The Tomb of Fr. Raimundo Argarate, SJ

The tomb of Fr. Raimundo Argarate, SJ

When half of Zamboanga del Sur was still under the Zamboanga Mission District of the Society of Jesus, a Basque Jesuit named Fr. Raimundo Argarate, SJ arrived in Olutanga island on the last week of December 1951 to begin his evangelization in the island after being expelled from the communist China.

 
During this time, logging was a lucrative business. Ships were a common sight docking at the island’s port to bring logs to as far as Japan. The prominent Miranda family generously supplied lumber for the building of the Church and the convent.
 
Missionary life in the island was not a bed of roses for this saintly Jesuit. The second elected mayor decided to get a portion of the the Church property for the road construction, which Fr. Argarate strongly opposed.
 
On the day that the bulldozer had to divide the land, the heavy equipment miraculously fell into the sea until it became totally out of sight.

Roses at the side of Fr. Argarate’s tomb

From Subanipa, Fr. Argarate widened his apostolic endeavors to what is now the parish of Parokya San Miguel-Mabuhay and town of Talusan. More Jesuits also came to join him. Filled with zeal for souls, Fr. Argarate labored unceasingly for 50 years until his death in 2001.
 
It was his ardent wish to be buried at the side of the statue of the Sacred Heart of Jesus in the Nuestra Señora de los Remedios Parish in Subanipa, the parish which he himself started and shepherded as their first parish priest in 1953. Many parishioners until this day still visit his tomb to offer their prayers.

The stairs of the original parish convent during Fr. Argarate’s time.

Advertisements

Skylab!

Tumalog, Municipality of Mabuhay, Zamboanga Sibugay

“Skylab” is a common term used to call the motorcycle with two planks of wood mounted on each side serving as passenger seats or for other loads. Believe me, this can carry as many as ten people!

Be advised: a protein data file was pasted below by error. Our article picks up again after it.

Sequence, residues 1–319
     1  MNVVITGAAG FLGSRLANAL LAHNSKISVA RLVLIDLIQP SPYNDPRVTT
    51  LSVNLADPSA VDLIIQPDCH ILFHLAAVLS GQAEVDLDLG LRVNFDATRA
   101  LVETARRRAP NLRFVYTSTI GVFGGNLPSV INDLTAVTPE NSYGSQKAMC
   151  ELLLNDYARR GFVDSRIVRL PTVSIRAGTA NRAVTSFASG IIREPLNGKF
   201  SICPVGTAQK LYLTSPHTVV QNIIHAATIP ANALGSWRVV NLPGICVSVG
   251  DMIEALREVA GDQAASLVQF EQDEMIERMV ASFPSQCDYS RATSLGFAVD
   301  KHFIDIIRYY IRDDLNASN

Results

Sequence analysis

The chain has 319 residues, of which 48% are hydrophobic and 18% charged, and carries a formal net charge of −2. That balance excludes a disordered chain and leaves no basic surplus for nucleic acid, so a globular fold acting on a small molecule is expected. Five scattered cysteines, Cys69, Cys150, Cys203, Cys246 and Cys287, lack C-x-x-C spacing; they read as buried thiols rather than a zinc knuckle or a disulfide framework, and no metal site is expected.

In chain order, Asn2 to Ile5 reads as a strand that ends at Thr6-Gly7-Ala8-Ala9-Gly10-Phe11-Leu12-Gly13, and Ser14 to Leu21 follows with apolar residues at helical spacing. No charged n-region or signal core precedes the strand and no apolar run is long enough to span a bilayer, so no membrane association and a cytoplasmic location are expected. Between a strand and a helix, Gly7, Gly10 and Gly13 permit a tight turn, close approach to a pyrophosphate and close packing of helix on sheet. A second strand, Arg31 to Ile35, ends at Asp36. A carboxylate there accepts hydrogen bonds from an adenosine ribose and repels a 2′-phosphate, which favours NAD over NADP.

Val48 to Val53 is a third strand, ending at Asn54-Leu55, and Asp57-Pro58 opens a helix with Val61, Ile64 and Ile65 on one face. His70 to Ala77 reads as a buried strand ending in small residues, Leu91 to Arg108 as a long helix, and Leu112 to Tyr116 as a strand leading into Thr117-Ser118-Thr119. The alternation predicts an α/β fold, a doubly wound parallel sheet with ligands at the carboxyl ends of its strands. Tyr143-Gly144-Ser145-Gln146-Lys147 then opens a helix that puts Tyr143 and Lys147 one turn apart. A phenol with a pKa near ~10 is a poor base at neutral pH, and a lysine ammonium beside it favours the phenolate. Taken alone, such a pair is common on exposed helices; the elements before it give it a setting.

#WitnesstotheWord
#SVDPhilippines
#SVDExpress
#ThinkMission

Promoting Dialogue and Peace in Mindanao through Madaris Gurus and Catechists

Circa 2013 at Xavier High School, Mabuhay, Zamboanga Sibugay

The new conflict in Mindanao that started last May 23 in Marawi    is becoming one of the most challenging problems in the recent history of the Philippines. The high number of victims, the destruction of the city, the people who have been forced to leave their houses, the martial law, the   fear and hatred among groups and clans and the increasing religious radicalism with violence   urge all of us to move with more courage and creativity.

Why so much violence and what will be the future of Mindanao with all the negative signs of today and  what to do to dream again the future peace in Mindanao?”

 

Circa 2013 at Xavier High School, Mabuhay, Zamboanga Sibugay

These questions have challenged the Silsilah Dialogue Movement to do more in many ways in the past and now especially through the program called: “ Madaris Gurus and Catechists.
In the past years many teachers of Madaris (plural of Madrasa) and the catechists of Zamboanga, Basilan, Jolo, Davao and other places have benefited by this program of Silsilah. This is a special training to gather together madaris gurus and catechists of a certain area, by groups, inviting them to live together for a few days to build respect, trust, friendship and   teach them the concept of Christian-Muslim dialogue. Guided by this spirit they are invited to teach parts of their lesson in the spirit of dialogue.